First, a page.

There are two words Alana Cook refuses to say — brain cancer.

The 13-year-old girl said the name of her condition has been removed from her vocabulary, just as the malignant tumor was removed from her body Nov. 4 during a seven-hour operation.

Although the Northside Middle School student initially was diagnosed with choroid plexus carcinoma, Alana’s doctors since have changed her diagnosis to a papillary tumor.

Both types of tumors are located in the pineal gland, near the back of the base of the brain. Before she was diagnosed, Alana was experiencing symptoms common to both kinds of cancer, including headaches, fatigue and a condition known as hydrocephalus, which is when spinal fluid pools on the brain.

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However, papillary tumors are extremely rare, said Holly Cook, Alana’s mother. In fact, her condition is one of only 44 known cases.

Papillary tumors are also more aggressive than choroid plexus carcinoma, Cook said, and tend to have a higher rate of recurring tumors.

But even though the new diagnosis makes her situation more serious, Alana said she refuses to let the illness — which she refers to as “B.C.” — control her life.

Operation aftermath

The operation went well, but Alana’s initial recovery after surgery was difficult, Cook said.“When I woke up, I asked my mom if I had been hit by a truck, because that’s what it felt like,” Alana said.Her headaches were severe and she was in a lot of pain. But after switching medications, Alana’s recovery took off in strides — as if the basketball player were driving toward the basket for a layup.

She was moved out of the pediatric intensive care unit at Riley Hospital for Children in Indianapolis within 36 hours, Cook said, but doctors still expected her to remain hospitalized for two to three weeks.

But on Tuesday, five days after the operation, Alana’s impressive progress convinced her doctors that she could return to a more normal lifestyle much sooner than anticipated.

Since returning to Columbus on Tuesday, visits to the Cook home have been nonstop.

From the “Welcome Home Cookie” sign on her front lawn to the Cookie Monster faces hanging from the ceilings inside her home, Alana’s friends and family have come out in droves to show their support for the #COOKIESTRONG movement.

Cook began calling her daughter “Cookie” when she was a baby, but the nickname has morphed into the mantra of Alana’s supporters who want to see her grow into a healthy young woman.

News of Alana’s surgery and speedy recovery also reached her middle school halls, where eighth-grader Ashlynn Tuttle — one of Alana’s closest friends — has undertaken the task of updating her peers on Alana’s progress.

Birthday celebration

The day after her return from the hospital, the Cooks carved out a few hours Wednesday to celebrate Alana’s 13th birthday as a family.Despite being in recovery, Alana spent that evening playing with her young nephew and close family friend at Chuck E. Cheese’s.Between the pizza and the air hockey, Alana also found time to return to her one true love: basketball.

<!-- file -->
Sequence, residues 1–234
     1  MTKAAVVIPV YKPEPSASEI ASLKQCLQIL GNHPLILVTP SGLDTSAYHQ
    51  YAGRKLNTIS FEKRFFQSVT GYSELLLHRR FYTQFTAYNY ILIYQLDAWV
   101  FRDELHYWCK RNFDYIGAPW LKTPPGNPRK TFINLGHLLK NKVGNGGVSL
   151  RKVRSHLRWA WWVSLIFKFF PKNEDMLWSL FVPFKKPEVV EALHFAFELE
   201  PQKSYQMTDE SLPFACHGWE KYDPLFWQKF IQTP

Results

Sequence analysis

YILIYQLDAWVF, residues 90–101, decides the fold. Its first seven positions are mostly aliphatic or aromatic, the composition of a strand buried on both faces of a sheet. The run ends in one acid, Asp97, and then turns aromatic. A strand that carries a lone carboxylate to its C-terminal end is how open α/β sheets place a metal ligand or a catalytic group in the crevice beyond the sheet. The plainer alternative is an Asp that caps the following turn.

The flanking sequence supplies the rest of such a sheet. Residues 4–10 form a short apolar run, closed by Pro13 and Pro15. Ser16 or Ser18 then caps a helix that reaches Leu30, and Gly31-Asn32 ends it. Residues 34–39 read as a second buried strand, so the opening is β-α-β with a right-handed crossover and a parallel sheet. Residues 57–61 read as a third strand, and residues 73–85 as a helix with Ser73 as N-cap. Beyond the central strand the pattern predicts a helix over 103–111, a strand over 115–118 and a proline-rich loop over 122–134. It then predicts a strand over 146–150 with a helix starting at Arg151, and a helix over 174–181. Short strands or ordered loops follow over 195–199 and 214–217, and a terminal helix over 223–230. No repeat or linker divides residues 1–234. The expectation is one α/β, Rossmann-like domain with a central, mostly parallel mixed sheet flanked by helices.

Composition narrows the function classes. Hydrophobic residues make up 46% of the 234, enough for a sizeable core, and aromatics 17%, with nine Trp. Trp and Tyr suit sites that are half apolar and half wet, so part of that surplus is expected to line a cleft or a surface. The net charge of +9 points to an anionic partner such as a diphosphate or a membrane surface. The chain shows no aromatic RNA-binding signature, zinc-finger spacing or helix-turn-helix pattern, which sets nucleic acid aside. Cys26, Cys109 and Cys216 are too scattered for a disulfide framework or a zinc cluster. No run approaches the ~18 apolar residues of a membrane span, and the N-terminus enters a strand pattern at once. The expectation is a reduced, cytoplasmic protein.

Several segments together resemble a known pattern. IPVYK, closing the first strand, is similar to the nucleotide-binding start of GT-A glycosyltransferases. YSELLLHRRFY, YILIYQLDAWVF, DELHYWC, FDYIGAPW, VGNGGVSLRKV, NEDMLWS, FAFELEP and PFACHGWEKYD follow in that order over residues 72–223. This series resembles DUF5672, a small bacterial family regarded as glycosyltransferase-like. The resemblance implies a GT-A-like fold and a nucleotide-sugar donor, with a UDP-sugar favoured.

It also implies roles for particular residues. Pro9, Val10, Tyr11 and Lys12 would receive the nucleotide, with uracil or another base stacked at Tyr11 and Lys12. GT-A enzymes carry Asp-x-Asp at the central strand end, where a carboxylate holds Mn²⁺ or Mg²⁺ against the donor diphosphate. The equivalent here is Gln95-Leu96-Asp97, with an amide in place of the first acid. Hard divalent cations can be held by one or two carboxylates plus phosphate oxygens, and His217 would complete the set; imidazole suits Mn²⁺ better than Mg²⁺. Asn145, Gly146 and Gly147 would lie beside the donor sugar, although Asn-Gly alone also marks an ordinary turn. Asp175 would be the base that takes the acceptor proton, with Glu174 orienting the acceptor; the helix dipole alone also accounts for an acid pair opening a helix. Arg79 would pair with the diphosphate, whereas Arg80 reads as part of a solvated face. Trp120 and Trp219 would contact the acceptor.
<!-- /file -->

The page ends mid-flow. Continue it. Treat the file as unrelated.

After racking up an impressive 42 baskets in Super Shot Basketball, Alana — a seventh-grader good enough to make the eighth-grade team — was declared the winner in a competition with her dad, Alan.

Those intimate family moments will become fewer and farther between in coming months as the Cooks prepare to temporarily relocate to Chicago, where Alana will begin proton radiation therapy.

Treatment plans

Although her surgery removed the initial tumor, radiation and chemotherapy treatments are needed to prevent additional tumors from forming inside Alana’s brain.While standard radiation uses X-rays to treat cancer, the therapy Alana will undergo uses high-energy protons, which are positively charged particles, to target and kill cancer cells.The Cooks will have at least a one-week break from the hospital before going to Chicago, where they will live for four to six weeks while Alana undergoes treatment at the Chicago Proton Center, the first and only proton radiation center in Illinois.

After that, Alana will have another short break at home before returning to Riley in Indianapolis to begin chemotherapy.

As details of Alana’s treatment plan are finalized, the Cook family said they will be focusing on preparing for inevitable changes the next few months will bring to their lives.

For now, Alana has taken a break from school, but she eventually will start a home-schooling program once she is well enough to resume her studies.

Like her classmates, Alana said her teachers have been supportive of her as she has adjusted to her new reality.

While she appreciates all of the gifts, visits and support, Alana said she is already looking forward to the day when the extra attention she is getting now will be a thing of the past.

Because when that day finally comes, Alana will be free of the disease that she refuses to give into.

“I don’t say the word, but I can’t wait to say that I beat it,” she said.

Alana's treatment schedule

After returning home from the hospital on Tuesday, the Cooks will have at least a week to rest and recover at home.

Recovering from brain surgery at home for now, Columbus middle-school student Alana Cook and her parents — Holly and Alan — will head to Chicago shortly so she can begin radiation therapy at the Chicago Proton Center. While in Chicago, the Cooks will live in family housing arranged for them by the hospital. They will stay in Chicago for four to six weeks, coming back to Columbus only on the weekends.

Once she has completed radiation, Alana will have another short break at home before beginning chemotherapy treatment at Riley Hospital for Children in Columbus.

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Olivia Covington is a reporter for The Republic. She can be reached at ocovington@therepublic.com or 812-379-5712.